As Chicago gears up for the nation’s largest auto show this weekend, automakers face increasing pressure to transition towards electric vehicles as part of a global initiative to mitigate human-induced climate change.
With Illinois’s Climate and Equitable Jobs Act providing a roadmap for a cleaner grid, Northwestern University Pritzker School of Law professor Robert A. Weinstock emphasizes the pivotal role of public health officials and environmental advocates in ensuring that “electrification in Illinois leads to maximum public benefits.”
Four experts from Northwestern are available to discuss the 2024 Chicago Auto Show, the electrification process, and the associated public health advantages.
Jennifer Dunn, a chemical and biological engineering professor at Northwestern’s McCormick School of Engineering and director of the Center for Engineering Sustainability and Resilience, emphasizes the holistic consideration needed for electric vehicle sustainability.
While acknowledging that electric vehicles emit fewer greenhouse gas emissions mile per mile, she urges careful evaluation of the impacts of mining critical minerals on surrounding ecosystems.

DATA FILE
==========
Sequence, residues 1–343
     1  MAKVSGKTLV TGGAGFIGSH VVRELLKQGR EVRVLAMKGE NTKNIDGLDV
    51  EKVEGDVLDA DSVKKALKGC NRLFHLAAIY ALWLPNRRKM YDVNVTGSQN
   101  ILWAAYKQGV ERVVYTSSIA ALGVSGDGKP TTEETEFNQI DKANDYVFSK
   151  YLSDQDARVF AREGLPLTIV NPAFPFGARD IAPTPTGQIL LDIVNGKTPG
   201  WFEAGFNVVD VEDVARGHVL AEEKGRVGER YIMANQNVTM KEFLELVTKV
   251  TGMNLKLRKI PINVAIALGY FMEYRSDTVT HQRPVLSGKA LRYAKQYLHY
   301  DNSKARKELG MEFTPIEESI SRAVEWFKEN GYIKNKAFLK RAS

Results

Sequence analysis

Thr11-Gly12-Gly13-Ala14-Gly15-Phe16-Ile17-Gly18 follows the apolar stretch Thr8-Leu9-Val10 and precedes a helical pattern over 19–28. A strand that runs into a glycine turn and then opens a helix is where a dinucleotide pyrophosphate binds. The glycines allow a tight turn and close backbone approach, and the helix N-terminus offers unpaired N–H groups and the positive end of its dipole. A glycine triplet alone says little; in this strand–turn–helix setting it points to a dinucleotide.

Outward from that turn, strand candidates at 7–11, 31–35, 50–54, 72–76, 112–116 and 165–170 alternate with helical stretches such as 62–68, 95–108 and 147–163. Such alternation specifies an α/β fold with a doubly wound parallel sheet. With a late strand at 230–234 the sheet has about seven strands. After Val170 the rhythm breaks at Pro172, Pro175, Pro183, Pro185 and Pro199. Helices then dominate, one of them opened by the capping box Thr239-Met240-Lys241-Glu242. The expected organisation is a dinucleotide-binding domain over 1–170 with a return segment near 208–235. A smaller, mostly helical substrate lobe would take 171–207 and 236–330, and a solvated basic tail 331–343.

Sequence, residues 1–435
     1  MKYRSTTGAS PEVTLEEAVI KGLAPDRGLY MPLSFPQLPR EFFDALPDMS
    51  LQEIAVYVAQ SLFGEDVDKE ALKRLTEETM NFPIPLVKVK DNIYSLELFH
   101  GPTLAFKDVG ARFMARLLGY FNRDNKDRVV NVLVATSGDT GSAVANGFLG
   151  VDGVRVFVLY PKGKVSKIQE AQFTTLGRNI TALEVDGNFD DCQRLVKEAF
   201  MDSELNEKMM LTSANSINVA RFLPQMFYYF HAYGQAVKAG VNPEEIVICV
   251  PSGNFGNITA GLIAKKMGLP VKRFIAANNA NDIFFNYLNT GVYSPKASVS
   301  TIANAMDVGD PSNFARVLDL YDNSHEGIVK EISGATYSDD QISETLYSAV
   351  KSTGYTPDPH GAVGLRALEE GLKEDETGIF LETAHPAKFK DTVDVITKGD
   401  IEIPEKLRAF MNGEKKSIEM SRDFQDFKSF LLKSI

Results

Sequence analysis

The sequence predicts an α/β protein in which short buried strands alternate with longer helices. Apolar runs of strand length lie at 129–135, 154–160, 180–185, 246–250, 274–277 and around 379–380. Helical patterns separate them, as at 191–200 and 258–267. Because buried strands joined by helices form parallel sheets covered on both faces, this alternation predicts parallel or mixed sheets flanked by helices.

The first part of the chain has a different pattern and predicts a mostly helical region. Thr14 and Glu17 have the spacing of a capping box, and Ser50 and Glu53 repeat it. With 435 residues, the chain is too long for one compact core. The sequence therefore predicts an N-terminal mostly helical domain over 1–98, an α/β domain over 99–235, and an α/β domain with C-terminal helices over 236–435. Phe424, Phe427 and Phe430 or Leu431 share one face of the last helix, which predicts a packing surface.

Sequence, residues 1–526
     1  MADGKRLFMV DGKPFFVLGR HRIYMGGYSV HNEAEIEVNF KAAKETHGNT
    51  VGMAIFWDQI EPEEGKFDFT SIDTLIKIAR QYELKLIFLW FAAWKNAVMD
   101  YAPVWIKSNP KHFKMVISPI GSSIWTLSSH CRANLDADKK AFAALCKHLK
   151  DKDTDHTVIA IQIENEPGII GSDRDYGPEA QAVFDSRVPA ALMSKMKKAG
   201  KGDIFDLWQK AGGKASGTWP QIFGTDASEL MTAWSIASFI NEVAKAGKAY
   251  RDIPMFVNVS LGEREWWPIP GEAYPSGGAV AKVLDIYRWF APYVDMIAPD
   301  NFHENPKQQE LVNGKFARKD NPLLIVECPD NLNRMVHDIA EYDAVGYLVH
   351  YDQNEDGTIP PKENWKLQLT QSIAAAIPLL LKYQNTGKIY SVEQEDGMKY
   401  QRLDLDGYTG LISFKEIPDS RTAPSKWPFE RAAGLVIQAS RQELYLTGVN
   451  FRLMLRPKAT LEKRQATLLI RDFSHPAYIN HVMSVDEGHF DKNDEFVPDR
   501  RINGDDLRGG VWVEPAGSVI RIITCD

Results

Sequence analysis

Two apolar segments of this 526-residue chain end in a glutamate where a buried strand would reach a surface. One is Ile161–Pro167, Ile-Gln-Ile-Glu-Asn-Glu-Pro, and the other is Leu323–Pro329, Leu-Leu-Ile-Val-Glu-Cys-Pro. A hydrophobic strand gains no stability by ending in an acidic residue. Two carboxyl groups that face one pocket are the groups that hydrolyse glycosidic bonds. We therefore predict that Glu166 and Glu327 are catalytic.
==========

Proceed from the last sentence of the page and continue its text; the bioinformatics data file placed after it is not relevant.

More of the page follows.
Jeffrey Lopez, an assistant professor of chemical and biological engineering at McCormick and a faculty affiliate of the Trienens Institute, focuses on identifying and developing high-performance materials for batteries to enhance the sustainability of the entire battery economy.
Lopez notes the global growth of electric vehicle sales over the past seven years and highlights the need to address challenges such as reducing battery costs and meeting raw material demands.
As the automotive industry moves towards electrification, the insights of these experts shed light on the broader considerations necessary for sustainable and environmentally conscious practices in the transition to electric vehicles.